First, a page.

If you need statistics, user exploration, heat maps, a/b testing, etc. and you cannot decide which tools to use: Matomo is the answer. You will struggle a bit with the bloated UI but as Matomo resembles a highly corporate product, there are a lot of training videos available to teach you how to achieve anything.

It's literally a GA alternative.

What I didn't like

For me simplicity to understand a tool I use without having to have a masters degree about it, is very important. And in that regard I didn't explore the app itself a lot. The UI is too complex for my taste. I didn't grasp it. But, many other builders use it and they are ok with it. So it's definitely a personal preference.

Another thing is documentation. You are shown Training Videos instead of simple steps on how to integrate the tool for your app. Even the very first onboarding flow is filled with so much information that I just went and copied the script, enabled it, and pressed “Do not show this screen in the next hour”.

I could not find an easy way to explore Users individually (as in what they did on my page and how long they stayed) but —again, I could not figure out the UI a lot, so on occasions, I gave up.

Also, Matomo does not support easy Automations on an Event-log basis. You cannot receive an email or Telegram message if an event happens.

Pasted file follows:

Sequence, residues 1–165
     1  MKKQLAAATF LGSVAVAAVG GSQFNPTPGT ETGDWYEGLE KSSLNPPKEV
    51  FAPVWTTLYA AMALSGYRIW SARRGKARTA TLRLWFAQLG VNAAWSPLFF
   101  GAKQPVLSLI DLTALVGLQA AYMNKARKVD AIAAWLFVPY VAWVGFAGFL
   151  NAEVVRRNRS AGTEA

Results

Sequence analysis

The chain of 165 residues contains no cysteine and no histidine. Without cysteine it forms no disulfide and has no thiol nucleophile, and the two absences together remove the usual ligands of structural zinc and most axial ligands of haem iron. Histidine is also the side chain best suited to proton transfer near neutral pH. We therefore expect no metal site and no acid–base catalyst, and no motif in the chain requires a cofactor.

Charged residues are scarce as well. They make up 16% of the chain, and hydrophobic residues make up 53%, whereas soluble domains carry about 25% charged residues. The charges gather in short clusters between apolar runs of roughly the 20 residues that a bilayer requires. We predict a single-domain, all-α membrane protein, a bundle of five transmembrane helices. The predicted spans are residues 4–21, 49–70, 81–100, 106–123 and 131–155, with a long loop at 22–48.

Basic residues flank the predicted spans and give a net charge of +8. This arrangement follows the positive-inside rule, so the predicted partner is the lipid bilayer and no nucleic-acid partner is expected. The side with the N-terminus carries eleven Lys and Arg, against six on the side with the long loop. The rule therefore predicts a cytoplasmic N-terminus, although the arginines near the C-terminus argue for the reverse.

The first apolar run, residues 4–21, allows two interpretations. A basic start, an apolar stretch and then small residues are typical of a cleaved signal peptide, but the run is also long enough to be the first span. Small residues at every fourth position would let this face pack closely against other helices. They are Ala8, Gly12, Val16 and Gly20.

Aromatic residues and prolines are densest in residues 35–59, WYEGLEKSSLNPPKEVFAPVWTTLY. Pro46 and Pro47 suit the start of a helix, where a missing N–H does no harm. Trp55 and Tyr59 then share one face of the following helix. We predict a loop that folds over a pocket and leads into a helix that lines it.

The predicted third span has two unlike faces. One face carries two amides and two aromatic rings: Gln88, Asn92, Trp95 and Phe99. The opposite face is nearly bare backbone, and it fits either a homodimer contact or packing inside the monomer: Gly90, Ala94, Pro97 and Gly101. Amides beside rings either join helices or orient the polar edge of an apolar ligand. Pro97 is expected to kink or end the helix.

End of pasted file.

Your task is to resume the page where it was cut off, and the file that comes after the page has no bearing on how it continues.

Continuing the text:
Technical integration

You easily integrate with a script on your page or by using an npm integration for the JavaScript SDK. Same just like with any other tool.

Price

At the moment, Matomo costs $19 per month which makes it the most expensive tool of them all.

Conclusion

If you decide to use Matomo, you will, most probably, not need anything else from any other tool out there. If you don't mind the complex UI and all-over documentation, start your trial, see the UI, dashboard, and data and decide for yourself.

For me, it's definitely more than what I need.

Conclusion

My journey to discover all these tools was fun. Yours can be fun too, but if you don't want to go through all the learning from above yourself, I hope this article helped you make the choice faster.

The tool of my choice is Splitbee. I feel comfortable when I use it as I feel close to what the users do. That is the sentiment that you need to reach. If you feel the tool is working to your benefit, pay for it, and forget it for a year.

The decision is really close to what you need. If you need privacy-oriented tools with cheaper paid plans, consider Pirsch and Plausible. If you are after user exploration and behavior analysis features, check Splitbee. If you want to have a bit from both of them, check Logspot. And if you still need more, then opt in for something more inclusive like Matomo.

On average you would need to pay $60-150 annually to have good analytics in your hands.

As all of these tools are amazing apps and great pieces of software, personal taste has a lot to do with your decision. In the end, it's important to see conversions, and if you achieve that even with GA, you've made good use of your choice.

Hope this article was helpful.